How did that happen? How manuka honey became a global must-have

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  • January 30, 2017
  • Elly Strang
How did that happen? How manuka honey became a global must-have

The manuka plant was known for its healing properties in early New Zealand, with Māori using most elements of the plant for medicinal purposes. James Cook even made his own home-brewed manuka and rimu beer to help his crew ward off scurvy.

But it wasn’t until the 1980s, when Dr Peter Molan of Waikato University began researching the antibacterial and healing properties of manuka honey, that the seed was sewn for huge commercial success.

Dr Molan found a wide range of uses for the honey and has now been recognised for revolutionising the local honey industry. Manuka honey is now one of the most researched honeys in the world.

Manuka Health New Zealand, for example, has opened a new $10 million honey processing facility and laboratory to develop products like its CycloPower health supplements, which include chewable and vegan honey capsules. A recent study has shown manuka honey could fight superbugs as antibiotics become less effective.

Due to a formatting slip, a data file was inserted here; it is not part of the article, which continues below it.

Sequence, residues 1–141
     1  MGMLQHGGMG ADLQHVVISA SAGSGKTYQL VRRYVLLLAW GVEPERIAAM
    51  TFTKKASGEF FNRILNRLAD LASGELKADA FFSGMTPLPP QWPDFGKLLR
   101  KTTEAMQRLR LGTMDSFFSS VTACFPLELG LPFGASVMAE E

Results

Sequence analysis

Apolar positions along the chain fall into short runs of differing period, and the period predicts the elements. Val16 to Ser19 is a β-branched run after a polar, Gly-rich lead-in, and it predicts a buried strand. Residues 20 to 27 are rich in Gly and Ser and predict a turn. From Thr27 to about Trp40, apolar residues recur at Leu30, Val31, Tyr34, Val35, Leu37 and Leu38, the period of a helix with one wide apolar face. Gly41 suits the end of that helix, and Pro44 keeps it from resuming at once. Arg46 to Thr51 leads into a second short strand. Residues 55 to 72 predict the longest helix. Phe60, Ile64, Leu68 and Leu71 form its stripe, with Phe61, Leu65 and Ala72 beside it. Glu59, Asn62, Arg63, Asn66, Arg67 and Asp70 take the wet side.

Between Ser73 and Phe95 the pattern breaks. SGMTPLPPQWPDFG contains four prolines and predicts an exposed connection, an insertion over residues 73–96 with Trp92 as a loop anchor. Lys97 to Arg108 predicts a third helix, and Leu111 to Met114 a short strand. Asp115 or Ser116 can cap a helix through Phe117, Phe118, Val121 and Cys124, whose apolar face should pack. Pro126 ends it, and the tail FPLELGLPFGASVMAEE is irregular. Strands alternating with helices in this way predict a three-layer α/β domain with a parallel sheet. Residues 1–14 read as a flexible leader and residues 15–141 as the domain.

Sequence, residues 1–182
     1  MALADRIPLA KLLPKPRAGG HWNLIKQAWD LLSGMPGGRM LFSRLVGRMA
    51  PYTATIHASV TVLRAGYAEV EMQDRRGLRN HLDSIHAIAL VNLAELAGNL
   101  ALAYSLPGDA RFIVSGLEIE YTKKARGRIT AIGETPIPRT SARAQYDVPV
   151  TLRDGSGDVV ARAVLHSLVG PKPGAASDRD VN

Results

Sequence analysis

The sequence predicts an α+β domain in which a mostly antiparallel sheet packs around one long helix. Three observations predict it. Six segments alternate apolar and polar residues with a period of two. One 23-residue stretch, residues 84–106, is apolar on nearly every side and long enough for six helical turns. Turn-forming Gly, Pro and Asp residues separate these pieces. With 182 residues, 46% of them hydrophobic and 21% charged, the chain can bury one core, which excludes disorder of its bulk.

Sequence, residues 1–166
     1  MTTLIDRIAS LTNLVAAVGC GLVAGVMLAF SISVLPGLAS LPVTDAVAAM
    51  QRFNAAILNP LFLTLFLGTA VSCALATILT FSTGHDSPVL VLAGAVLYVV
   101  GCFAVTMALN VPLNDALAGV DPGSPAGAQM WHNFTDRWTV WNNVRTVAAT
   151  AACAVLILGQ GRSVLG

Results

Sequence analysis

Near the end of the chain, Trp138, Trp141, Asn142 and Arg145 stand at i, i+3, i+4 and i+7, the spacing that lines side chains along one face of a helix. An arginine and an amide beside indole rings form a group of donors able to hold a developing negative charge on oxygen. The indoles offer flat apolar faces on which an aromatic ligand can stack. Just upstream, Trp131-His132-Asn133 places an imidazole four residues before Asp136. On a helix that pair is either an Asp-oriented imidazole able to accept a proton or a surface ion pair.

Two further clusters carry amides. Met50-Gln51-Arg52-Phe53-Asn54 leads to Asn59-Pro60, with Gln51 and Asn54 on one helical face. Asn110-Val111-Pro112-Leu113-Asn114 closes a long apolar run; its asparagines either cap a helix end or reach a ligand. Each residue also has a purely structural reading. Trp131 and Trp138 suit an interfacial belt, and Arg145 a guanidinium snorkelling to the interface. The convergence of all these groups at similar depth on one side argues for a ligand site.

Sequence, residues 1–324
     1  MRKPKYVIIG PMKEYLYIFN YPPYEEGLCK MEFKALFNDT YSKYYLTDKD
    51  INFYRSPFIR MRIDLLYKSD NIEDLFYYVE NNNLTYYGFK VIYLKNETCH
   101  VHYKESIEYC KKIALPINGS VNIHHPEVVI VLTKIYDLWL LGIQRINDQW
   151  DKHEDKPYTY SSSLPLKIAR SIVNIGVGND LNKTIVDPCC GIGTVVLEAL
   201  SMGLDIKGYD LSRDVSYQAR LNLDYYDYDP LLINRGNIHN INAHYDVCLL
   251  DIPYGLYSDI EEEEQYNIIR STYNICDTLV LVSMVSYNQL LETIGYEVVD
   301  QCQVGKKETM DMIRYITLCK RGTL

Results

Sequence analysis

It is estimated that 10,000 tonnes of manuka labeled honey are sold worldwide every year. High volume markets can fetch up to US$28 a kilogram, but some medical grade manuka can fetch up to $1000 per kilogram.

This high price has enticed thieves to shoplift thousands of dollars worth of manuka honey. At least two local supermarkets now keep the pots of liquid gold under lock and key, only handing it over on request, and international retailers are investing in security staff, electronic tags and decoy jars to safely sell stock.

The honey also needs to outsmart counterfeiters. Dr Molan created the Unique Manuka Factor (UMF) rating for honey as well as the Molan Gold Standard to help consumers find certified manuka honey.

However, the government seems to be struggling to keep up with the amount of manuka honey on the market and its different standards. British media have reported consumers are being misled over substituted manuka honey and inflated prices, dubbing this ‘The great manuka honey swindle’.

Some Australian players are also trying to claim manuka as their own, leading some in the industry to call for the same kind of protection for New Zealand manuka honey as Champagne, from the Champagne region in France, and scotch whiskey, from Scotland.

Manuka honey’s star is on the rise. Reality TV star Kourtney Kardashian is the latest high-profile ambassador for Manuka Doctor’s cosmetic honey line, which includes facial masks, lip balms and a firming serum.

Manuka honey will stick around. A government and industry growth partnership aims to increase the annual value of New Zealand's manuka honey industry to $1.2 billion by 2028.

This story originally appeared in NZ Retail magazine issue 747 December 2016 / January 2017

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